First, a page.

My Three Favorites
ForewordA recent informal query concerning my own favorite among the papers I have published on personal relationships stimulated an interesting exercise in self-confrontation. Although I had never really considered the matter, once I heard the question, I almost immediately thought of three articles that, at one time or another, I would have called "special." From my perspective as retiree, however, it would be difficult to identify which of the three is now my single career-long favorite. Each filled an important gap for me in the sense that, in its time, it represented the culmination of my grapplings with a relatively circumscribed set of issues. Therefore each article was, and is, special for its own particular reason. What follows is a chronological listing of those favorites, including in each case a citation, the abstract as published, and a commentary explaining why it is a favorite. These comments are broad-gauged, personal and informal. I will gladly honor requests for details, documentation and citations from anyone interested in having them.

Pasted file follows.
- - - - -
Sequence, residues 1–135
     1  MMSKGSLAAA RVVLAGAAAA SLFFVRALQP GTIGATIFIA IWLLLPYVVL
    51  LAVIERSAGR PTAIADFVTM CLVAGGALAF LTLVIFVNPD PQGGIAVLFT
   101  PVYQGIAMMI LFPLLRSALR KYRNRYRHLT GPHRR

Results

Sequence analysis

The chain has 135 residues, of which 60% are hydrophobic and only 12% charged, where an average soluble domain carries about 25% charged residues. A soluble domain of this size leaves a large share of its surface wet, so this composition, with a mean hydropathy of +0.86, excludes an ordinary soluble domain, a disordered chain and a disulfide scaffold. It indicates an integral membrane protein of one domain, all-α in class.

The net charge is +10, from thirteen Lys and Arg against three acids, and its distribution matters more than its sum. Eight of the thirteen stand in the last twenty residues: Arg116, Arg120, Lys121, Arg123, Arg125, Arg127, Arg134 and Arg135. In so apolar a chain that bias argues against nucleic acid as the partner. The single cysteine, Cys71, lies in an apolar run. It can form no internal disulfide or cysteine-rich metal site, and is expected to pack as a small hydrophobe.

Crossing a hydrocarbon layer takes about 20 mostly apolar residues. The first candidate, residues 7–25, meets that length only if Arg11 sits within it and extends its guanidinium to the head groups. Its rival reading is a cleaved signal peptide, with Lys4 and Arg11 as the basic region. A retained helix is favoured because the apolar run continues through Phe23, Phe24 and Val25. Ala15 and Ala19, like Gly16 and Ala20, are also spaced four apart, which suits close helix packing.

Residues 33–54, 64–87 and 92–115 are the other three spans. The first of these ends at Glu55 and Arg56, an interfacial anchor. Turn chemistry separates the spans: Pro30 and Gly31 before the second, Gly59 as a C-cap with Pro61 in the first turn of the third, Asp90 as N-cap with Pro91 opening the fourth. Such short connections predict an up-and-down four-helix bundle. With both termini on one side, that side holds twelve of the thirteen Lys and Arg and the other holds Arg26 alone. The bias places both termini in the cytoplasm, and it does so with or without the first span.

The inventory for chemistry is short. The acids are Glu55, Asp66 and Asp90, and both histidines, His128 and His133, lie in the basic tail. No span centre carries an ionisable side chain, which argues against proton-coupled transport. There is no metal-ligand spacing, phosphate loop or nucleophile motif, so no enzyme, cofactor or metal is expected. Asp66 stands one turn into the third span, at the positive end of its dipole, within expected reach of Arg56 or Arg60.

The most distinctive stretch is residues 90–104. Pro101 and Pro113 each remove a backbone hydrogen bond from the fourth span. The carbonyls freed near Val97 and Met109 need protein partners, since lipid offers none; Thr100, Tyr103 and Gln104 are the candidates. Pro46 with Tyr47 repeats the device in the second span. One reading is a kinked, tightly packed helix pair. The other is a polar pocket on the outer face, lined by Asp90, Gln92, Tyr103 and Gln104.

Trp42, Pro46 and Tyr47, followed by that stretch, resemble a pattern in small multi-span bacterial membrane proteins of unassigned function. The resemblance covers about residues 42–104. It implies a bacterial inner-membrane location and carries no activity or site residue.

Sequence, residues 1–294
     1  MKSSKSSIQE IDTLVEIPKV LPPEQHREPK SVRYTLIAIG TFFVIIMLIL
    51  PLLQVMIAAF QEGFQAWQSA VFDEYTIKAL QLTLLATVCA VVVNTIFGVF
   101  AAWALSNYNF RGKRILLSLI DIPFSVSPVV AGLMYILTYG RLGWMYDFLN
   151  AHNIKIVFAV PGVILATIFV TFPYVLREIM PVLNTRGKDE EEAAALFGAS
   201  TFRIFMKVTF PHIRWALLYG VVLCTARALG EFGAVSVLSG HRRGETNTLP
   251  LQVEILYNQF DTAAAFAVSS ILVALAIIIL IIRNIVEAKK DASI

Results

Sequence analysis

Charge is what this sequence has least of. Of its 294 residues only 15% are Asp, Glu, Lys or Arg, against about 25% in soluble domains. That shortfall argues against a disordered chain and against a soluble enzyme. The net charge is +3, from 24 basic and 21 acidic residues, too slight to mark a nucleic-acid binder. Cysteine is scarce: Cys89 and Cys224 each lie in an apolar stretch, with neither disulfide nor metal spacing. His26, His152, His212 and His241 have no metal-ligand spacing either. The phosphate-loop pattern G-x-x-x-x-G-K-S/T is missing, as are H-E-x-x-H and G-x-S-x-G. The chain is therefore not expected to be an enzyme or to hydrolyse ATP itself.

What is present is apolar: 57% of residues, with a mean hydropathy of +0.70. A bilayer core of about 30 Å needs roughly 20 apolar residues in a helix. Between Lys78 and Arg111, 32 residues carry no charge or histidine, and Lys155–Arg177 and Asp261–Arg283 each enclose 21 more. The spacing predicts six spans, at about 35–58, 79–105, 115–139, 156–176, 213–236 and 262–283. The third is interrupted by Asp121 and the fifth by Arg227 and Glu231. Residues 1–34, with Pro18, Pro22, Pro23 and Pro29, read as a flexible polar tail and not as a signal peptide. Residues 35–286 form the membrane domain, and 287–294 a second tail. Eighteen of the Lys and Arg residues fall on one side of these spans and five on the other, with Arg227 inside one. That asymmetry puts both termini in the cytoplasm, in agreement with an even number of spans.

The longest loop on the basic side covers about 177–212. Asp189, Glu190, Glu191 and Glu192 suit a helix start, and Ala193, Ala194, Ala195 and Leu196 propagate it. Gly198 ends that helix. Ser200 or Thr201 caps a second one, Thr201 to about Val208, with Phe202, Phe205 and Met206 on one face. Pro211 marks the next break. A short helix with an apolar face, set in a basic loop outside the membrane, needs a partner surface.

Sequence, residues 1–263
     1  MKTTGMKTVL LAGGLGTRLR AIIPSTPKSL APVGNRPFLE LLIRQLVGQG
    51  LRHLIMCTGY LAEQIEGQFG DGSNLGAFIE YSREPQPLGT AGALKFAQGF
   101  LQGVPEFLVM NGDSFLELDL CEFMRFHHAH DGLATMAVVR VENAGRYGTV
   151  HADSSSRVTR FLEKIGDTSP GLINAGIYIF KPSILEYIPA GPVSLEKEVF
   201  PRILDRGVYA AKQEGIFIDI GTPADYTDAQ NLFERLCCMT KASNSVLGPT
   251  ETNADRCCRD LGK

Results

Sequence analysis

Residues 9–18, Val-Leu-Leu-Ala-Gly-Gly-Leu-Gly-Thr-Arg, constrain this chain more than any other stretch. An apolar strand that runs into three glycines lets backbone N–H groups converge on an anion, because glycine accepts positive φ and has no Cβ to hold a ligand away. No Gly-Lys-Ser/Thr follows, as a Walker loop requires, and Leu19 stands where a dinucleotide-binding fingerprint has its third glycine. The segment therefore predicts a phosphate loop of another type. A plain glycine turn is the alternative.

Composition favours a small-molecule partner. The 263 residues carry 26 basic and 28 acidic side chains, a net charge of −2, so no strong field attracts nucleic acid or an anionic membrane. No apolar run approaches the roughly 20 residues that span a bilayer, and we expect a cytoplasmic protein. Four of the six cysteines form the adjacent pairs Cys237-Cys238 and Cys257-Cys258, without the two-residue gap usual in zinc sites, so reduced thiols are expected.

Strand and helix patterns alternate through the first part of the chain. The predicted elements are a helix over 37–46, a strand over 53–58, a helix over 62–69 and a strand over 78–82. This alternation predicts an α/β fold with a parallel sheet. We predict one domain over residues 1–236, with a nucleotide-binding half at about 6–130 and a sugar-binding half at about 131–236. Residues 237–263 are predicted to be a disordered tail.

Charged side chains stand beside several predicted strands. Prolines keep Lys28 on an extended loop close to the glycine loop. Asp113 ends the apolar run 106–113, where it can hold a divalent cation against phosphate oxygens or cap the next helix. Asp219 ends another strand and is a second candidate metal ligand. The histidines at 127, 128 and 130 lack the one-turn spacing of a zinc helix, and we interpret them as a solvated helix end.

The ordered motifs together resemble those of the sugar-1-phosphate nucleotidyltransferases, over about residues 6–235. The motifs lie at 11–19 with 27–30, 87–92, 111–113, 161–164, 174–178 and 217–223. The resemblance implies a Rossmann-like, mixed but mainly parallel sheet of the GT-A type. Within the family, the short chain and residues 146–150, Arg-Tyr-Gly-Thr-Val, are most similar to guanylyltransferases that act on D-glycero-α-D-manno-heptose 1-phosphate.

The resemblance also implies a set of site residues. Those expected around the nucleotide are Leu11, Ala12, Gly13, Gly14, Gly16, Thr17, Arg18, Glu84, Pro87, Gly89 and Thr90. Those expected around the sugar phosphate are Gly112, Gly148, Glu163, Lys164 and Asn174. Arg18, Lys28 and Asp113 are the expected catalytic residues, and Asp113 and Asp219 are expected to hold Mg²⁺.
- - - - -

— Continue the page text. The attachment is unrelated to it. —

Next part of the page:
The Big Three
- A Model and a Technique for Studies of Friendship
- Toward a Theory of Friendship Based on a Conception of Self
- Self-referent Motivation and the Intrinsic Quality of Friendship
Journal of Experimental Social Psychology, 5, 295-309 (1969)
A Model and a Technique for Studies of Friendship
University of North Dakota, USA
Studies of attraction, due partly to an overemphasis upon the antecedents of attraction, have yielded little conceptual grasp of specific dyadic relationships such as friendship. A model for the study of same-sexed friendships is presented which attempts to establish: (1) a criterion of friendship (Voluntary Interdependence); (2) a dimension concerned with the degree of difficulty two friends have in maintaining the relationship; and (3) some of the direct rewards of friendship (Stimulation Value, Utility Value, and Ego Support Value). A technique for measuring the various components of the friendship model is presented, along with a summary of the research involved in its development and testing.